I recently reread Into the Wild by Jon Krakauer, the story of Chris McCandless's travels around the country and death in Alaska. I'd read it a couple times when I was younger and still much more romantic, and completely identified with and admired him. I saw his faults more clearly this time but just want to mention a couple paragraphs which struck me.
This quote comes from the unimpeachable source of an assistant manager at a McDonald's where he worked for a while. "I don't think he ever hung out with any of the employees after work or anything. When he talked, he was always going on about trees and nature and weird stuff like that. We all thought he was missing a few screws."
When I read that, my immediate reaction was that it was the story of my work life and human interactions in general. But the fact is that when I worked at a Hardee's in a university town in my early twenties, I did hang out with fellow employees. I always enjoyed spending time outside, but in my early years I was more concerned with human issues than ecological ones. It was only after I gave up on people and society that I started trying to help other species.
"McCandless's apparent sexual innocence, however, is a corollary of a personality type that our culture purports to admire, at least in the case of its more famous adherents. His ambivalence towards sex echoes that of celebrated others who embraced wilderness with single-minded passion--Thoreau (who was a lifelong virgin) and the naturalist John Muir, most prominently--to say nothing of countless lesser-known pilgrims, seekers, misfits, and adventurers. Like not a few of those seduced by the wild, McCandless seems to have been driven by a variety of lust that supplanted sexual desire. His yearning, in a sense, was too powerful to be quenched by human contact. McCandless may have been tempted by the succor offered by women, but it paled beside the prospect of rough congress with nature, with the cosmos itself. And thus he was drawn north, to Alaska."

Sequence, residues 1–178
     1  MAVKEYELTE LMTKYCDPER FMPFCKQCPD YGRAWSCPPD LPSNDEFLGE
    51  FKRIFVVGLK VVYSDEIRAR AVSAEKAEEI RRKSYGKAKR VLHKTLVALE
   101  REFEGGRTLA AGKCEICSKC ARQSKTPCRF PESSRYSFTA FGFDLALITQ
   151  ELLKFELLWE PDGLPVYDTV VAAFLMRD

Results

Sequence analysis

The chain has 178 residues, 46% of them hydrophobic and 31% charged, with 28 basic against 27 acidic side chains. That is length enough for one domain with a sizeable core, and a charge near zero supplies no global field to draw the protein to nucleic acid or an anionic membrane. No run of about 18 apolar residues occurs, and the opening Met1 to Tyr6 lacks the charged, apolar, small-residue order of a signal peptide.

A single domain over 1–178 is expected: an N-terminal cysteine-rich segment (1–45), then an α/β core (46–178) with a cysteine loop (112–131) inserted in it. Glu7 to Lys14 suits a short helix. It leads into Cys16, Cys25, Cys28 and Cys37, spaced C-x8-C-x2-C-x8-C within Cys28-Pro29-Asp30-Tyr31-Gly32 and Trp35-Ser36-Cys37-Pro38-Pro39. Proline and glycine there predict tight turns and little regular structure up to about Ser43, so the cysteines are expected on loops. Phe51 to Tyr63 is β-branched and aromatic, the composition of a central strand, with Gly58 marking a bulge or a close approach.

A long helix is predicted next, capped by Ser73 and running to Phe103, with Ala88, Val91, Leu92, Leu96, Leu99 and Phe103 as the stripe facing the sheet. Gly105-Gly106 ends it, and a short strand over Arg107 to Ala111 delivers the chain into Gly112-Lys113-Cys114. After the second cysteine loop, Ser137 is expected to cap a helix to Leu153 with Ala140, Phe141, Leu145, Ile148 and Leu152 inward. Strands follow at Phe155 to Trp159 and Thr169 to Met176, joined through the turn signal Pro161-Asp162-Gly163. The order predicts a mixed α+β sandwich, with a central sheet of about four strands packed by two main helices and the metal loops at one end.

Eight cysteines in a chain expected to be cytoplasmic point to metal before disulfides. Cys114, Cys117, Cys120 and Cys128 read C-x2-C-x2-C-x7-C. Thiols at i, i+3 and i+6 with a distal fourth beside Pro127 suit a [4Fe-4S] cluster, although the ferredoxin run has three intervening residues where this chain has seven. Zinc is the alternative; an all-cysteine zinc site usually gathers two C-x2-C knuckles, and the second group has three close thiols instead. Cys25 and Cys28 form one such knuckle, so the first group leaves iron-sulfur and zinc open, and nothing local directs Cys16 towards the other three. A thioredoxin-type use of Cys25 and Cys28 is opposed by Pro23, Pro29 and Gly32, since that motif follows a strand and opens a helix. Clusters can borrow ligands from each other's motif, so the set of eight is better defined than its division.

Again, I was late getting to this perspective though I think I would have been a much happier man if I'd realized it earlier. During that fast food period, I recall that I was starting to fall for a coworker (we'd kissed and decided we would take it slow). A second coworker (in a relationship with another coworker) came by my apartment to give me a ride to a party, and while there asked if I thought she was attractive. At the party, a third coworker, who later told me she was only there because she knew I would be, picked me up, took me home, and we were together for several months. So, no, I can't claim innocence.
If I were to use the cliche of the love of my life, it was a woman I asked to marry me in my mid-twenties (when I was still young enough to believe in such cliches; her own doubts led to a yes followed by a no), who I reunited with several times over the decades we knew each other. In one of our last conversations, she wondered how she had gone from feeling such deep love for me to such strong hatred. It was simple, really. During those decades, I'd given up on relationships because I'd realized that I could never get the depth of connection I was looking for from another person. I had no passion left to offer her. It was only after I gave up on women that I fell in love with the wilderness.
I'm off to Marquette for the holidays. Coming in the next weeks or months will be a very long and open tale of what actually happened at my Yellowstone jobs during my last couple years there and afterward. After I get that out of my system will come a more general look at my four years in the park and park issues.